“Southern political personalities, like sweet corn, travel badly. They lose flavor with every hundred yards away from the patch.”
Those are the words of A. J. Liebling, the late, great New Yorker writer. They come from his book, The Earl of Louisiana, a portrait of Earl Long, brother to Huey, who won the Louisiana governorship while dodging mental health officials and trumpeting the slogan, “Vote for Earl Long; I ain’t crazy.”
Louisiana, however, has no lock on curious political folk. I grew up near Macon, Georgia, where, in the 1970s, Mayor Ronnie Thompson was famous for singing gospel, brandishing a machine gun, and, in an effort to protect the Piedmont river town from Russian attack, purchasing an amphibious armored car.
I could go on. I could talk of Wilbur Mills, the U.S. senator from Arkansas who famously squired Fanne Foxe, an Argentine stripper, around D.C., until, in the aftermath of a minor car crash, she made her escape by way of the Tidal Basin.
But I’ll pull up short. My point is this: Here in the South, we have a long history of goofball politicians, inclined toward acting up and acting out. And, as Liebling wrote, some of that acting up and acting out doesn’t play well beyond our borders.
Tennessee is the latest locus for such folk. While this year’s session of the Tennessee legislature will not earn Long-worthy infamy, the laws it passed are worth noting, especially as they related to distilled spirits.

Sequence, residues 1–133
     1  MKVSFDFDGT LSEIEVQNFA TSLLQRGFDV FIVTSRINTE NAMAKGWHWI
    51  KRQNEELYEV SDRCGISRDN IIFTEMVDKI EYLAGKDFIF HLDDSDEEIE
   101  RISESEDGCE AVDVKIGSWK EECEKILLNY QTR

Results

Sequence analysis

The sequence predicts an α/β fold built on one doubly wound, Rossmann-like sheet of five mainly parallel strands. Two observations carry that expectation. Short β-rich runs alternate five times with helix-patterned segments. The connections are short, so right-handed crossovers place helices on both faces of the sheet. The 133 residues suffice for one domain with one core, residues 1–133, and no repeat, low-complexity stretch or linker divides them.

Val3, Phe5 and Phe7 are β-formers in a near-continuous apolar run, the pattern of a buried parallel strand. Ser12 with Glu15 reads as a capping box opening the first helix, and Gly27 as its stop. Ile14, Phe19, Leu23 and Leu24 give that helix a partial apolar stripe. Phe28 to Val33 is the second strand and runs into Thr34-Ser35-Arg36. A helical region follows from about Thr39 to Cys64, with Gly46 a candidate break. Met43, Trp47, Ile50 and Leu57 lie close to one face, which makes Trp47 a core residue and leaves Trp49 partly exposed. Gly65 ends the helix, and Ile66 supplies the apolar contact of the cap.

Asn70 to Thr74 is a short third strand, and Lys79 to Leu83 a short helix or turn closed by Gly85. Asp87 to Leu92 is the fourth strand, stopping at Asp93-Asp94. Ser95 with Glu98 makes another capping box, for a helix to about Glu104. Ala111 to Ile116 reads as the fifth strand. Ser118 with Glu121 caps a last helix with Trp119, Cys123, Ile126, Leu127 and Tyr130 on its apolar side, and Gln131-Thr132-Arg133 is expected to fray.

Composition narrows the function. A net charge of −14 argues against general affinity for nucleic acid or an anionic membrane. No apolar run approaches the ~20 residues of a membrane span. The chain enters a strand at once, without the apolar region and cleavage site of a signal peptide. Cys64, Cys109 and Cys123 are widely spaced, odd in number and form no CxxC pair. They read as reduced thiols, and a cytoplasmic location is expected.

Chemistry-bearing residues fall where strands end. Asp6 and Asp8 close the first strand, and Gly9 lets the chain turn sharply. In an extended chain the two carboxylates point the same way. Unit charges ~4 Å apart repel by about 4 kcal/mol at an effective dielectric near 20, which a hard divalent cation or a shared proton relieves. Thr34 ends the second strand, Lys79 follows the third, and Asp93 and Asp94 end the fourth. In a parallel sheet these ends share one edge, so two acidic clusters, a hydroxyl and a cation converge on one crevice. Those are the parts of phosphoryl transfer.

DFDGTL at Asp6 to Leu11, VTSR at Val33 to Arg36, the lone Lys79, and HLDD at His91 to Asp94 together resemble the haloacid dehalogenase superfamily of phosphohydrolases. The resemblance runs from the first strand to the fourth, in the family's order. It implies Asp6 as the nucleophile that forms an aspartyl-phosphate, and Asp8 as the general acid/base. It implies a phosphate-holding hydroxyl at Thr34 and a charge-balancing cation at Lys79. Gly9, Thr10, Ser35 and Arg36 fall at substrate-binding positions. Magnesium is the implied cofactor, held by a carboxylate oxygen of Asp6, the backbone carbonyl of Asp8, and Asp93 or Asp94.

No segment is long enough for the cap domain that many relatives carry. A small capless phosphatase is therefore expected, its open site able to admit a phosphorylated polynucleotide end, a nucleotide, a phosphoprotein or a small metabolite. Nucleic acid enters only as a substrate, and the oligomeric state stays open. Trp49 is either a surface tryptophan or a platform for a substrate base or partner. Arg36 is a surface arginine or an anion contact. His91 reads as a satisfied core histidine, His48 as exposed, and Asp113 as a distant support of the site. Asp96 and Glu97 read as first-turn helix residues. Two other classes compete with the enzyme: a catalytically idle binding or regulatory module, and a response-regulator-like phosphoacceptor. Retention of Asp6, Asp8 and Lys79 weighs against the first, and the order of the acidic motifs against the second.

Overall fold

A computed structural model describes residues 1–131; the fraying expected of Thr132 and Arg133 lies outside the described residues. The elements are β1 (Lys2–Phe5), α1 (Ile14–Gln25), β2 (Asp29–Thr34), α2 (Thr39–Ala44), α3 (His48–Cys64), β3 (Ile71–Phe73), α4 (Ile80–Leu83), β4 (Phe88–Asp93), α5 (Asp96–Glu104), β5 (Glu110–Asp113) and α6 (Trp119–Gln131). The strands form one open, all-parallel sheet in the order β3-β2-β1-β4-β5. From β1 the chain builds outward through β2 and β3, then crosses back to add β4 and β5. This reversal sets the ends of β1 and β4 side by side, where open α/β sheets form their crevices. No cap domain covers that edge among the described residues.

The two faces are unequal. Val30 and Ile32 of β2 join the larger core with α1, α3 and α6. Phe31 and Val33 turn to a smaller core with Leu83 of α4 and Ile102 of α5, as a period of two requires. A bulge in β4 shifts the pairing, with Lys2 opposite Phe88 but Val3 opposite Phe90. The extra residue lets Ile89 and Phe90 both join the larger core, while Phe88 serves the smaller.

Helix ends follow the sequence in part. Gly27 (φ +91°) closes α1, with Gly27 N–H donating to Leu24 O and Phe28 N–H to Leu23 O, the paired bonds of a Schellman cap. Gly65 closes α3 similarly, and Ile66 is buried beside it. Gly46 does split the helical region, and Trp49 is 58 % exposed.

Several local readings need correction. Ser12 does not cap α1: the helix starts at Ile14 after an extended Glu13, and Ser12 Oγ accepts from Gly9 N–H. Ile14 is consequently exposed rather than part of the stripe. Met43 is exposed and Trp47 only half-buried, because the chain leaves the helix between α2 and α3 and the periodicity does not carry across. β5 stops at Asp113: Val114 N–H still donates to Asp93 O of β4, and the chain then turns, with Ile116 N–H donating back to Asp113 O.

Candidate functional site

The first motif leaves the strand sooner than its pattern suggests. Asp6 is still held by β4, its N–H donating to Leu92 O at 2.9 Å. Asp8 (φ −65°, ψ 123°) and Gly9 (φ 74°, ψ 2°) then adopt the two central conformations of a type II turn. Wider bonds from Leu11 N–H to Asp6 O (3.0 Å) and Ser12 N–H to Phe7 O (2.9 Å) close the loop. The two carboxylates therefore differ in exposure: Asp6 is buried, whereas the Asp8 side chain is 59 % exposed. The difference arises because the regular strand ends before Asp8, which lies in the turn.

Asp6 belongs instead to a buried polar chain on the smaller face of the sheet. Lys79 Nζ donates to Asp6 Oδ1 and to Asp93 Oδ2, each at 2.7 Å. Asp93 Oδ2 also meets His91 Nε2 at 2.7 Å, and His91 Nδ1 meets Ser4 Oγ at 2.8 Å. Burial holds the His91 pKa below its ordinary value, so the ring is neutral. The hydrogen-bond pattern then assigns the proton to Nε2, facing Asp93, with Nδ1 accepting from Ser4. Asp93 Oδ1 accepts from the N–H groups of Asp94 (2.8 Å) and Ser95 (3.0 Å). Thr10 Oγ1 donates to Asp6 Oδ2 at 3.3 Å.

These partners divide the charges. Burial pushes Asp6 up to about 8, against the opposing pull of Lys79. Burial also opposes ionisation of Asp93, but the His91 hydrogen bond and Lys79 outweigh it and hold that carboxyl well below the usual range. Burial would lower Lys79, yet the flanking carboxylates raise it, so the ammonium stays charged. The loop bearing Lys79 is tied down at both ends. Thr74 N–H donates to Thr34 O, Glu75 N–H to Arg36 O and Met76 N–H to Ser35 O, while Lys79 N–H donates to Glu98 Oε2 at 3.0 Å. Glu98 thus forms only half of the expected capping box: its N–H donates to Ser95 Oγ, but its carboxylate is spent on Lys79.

One recent move was flat-out rational:
For decades, distillation of drinkable spirits could only occur in three Tennessee counties: Lincoln, Moore, and Coffee. In July, the legislature, acknowledging the micro-distillery boom, and hoping to spur cultural and culinary tourism, voted to allow the distillation of whiskey in 41 more counties. As a result, a number of small distilleries will soon join industry behemoths Jack Daniel’s and George Dickel in filtering corn whiskey through charcoal. (Prichard’s, a small-shop maker of rum in Kelso, Tennessee, was already in the pot-still game.)
The other move, however, was confounding:
In that same session, the legislature voted to permit the carrying of a gun in a restaurant or bar that serves distilled spirits. The law, which also took effect in July, retains an existing ban on consuming alcohol while carrying a handgun, and restaurant owners may still opt to ban weapons from their establishments.
Dig into the rhetoric and you’ll recognize that this second legal edict owes little to the irrational nature of the legislature and a lot to the lobbying efforts of second amendment-thumping N.R.A accolytes.
No matter the impulse, the action seems, here in the sober light of day, well, crazy.